Horror Movie Double Feature: The Other J.C.

Downtown Tacoma, Washington is changing, like many of our older mid-size cities. The insurgence of loft-dwelling urbanites is turning my downtrodden, meth-laden, crime driven ghetto, into a--gag--pleasant place to live. Now, where's the fun in that? The martini bars, condos, and spas are replacing the hookers, drug dealers and gangs of homeless schizophrenics. Covention centers and hotels have replaced abandoned buildings and abusive nursing homes.

It's all very disheartening.

Even that pantheon of dollar horror movies, The Rialto, has been converted into a meeting facility. I take solace in the image of suits trudging through that dump, dirtying their cuffs, sidestepping hypodermic needles, gagging at the shit-smeared restrooms.

The last time I was there, I saw John Carpenter's electro-anti-christ flick, Prince of Darkness. I think I told you all about the horror that was the Parkland theater, well The Rialto made the Parkland look like the McDonald's playland. The scariest part of the place was the exit. But let's watch the clip before we go there.

This movie haunts me. The recurring scene of the shrouded figure emerging from the doorway even found a home in my nightmares. That's a pretty good indicator of a director's ability. John Carpenter knows how to scare, and in this lesser classic he utilizes a big vat of swirling green goo, and makes you believe that's the Devil. Awesome.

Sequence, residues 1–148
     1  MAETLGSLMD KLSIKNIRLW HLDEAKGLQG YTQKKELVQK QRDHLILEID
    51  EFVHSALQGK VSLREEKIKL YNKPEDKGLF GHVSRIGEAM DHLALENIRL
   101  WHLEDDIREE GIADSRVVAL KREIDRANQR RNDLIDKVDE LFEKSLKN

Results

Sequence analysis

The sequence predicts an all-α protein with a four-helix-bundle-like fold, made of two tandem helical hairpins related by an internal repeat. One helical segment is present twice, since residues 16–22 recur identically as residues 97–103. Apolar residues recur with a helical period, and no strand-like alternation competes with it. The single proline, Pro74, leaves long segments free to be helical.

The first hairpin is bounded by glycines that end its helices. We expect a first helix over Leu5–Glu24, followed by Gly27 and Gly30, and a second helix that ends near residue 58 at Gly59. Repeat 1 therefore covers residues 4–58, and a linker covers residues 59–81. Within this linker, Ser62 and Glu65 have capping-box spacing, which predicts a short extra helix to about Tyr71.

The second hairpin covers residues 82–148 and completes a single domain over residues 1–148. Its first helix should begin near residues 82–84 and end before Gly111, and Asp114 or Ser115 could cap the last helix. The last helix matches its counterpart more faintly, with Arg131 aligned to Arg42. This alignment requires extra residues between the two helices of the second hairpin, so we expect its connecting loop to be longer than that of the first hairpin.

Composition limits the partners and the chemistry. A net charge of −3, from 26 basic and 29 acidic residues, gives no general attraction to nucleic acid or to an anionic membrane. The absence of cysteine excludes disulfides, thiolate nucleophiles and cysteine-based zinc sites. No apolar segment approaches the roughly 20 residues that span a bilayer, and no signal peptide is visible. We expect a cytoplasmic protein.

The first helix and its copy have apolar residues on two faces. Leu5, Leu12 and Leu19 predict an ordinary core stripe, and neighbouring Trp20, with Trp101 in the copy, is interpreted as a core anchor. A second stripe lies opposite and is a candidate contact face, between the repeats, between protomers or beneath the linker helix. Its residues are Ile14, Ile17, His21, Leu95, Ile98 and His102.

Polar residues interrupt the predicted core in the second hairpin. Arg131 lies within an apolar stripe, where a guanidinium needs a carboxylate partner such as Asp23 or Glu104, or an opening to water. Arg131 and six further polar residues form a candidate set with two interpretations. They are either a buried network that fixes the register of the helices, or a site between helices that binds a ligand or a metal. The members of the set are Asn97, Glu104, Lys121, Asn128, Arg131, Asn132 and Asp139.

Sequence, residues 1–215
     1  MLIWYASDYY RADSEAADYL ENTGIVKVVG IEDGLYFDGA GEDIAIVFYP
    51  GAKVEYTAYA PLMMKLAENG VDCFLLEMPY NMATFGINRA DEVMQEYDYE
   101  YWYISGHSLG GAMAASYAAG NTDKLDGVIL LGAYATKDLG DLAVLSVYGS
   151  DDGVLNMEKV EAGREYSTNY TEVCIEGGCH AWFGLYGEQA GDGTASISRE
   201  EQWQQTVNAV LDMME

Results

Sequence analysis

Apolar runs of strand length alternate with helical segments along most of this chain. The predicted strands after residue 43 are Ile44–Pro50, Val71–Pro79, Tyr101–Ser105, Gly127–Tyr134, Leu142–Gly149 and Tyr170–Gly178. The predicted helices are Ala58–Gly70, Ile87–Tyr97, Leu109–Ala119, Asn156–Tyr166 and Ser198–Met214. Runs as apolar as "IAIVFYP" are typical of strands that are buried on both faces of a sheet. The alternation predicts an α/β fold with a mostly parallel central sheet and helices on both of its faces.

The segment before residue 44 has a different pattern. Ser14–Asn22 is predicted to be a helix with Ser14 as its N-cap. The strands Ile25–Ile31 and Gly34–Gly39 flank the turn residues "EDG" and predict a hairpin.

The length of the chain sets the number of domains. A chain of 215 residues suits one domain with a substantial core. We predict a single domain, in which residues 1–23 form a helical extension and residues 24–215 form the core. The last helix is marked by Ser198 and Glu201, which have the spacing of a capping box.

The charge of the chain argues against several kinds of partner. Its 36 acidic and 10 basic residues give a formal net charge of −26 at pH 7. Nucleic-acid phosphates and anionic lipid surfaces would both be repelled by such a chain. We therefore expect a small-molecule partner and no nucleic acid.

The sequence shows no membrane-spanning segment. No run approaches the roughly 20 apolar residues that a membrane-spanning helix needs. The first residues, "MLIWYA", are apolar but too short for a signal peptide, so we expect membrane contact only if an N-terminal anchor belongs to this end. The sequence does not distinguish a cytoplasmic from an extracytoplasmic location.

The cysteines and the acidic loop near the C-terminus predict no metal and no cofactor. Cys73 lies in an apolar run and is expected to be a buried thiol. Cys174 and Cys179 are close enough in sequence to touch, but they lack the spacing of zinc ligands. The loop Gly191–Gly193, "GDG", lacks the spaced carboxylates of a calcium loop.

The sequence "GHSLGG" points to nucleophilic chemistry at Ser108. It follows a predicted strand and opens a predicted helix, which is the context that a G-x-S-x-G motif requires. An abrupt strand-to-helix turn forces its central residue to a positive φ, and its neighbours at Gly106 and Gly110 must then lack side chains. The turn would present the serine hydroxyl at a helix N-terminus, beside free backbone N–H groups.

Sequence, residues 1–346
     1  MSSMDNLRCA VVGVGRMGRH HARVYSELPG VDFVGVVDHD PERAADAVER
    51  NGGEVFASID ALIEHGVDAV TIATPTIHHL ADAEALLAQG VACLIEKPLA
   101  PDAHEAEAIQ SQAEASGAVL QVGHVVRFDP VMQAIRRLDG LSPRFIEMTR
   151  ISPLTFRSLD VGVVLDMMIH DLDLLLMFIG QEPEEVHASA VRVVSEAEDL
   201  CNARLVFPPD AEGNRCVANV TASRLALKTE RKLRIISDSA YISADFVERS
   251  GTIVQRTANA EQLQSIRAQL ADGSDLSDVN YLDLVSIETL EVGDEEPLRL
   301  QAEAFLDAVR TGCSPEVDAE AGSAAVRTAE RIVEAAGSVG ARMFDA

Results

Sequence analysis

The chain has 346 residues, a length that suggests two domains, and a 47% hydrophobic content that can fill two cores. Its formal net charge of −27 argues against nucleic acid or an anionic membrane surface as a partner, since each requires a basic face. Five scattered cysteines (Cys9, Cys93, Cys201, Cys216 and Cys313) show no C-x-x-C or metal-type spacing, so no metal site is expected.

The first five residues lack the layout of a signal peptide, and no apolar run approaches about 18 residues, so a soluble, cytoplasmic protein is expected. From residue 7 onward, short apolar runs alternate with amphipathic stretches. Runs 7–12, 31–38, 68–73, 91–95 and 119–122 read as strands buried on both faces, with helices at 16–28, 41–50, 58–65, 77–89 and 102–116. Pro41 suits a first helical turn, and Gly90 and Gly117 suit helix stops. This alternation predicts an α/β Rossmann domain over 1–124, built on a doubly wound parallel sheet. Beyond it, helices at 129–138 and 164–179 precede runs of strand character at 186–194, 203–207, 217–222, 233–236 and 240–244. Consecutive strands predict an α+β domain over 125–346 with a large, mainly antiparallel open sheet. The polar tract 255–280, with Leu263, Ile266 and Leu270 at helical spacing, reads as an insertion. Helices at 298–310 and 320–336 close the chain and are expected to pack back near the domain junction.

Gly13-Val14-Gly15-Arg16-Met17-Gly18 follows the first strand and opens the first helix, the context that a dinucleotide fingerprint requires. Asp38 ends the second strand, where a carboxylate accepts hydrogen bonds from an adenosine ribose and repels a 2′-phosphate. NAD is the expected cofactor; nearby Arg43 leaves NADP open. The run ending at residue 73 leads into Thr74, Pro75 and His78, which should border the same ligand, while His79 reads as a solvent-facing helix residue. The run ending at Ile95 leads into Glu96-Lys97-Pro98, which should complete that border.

Afterward. The exit was by the screen. It fed out into a cave-like urine stain of a hallway that was permanently dark, and often occupied by homeless people that may or may not have been alive. At the end of this hall was a broken door busted apart in spots to let in the light, and crackheads. If my parents knew that I'd traverse this kind of obstacle for entertainment, they'd never have let me out of the house.

What these memories have to do with horror movies, I don't know. Why are you reading this self indulgent bullshit?

I saw In the Mouth of Madness, in a far less threatening venue. In Federal Way, a city that is all strip mall and no city. Though the film, Carpenter's homage to H.P. Lovecraft, was still disturbing despite cushy surroundings. Check it...

It's hard to pinpoint why this film is so scary, is it the transformations that occur to the human bodies, or that Progerian kid on the bike, or is it that final scene in the mental hospital? God, I need to see it again.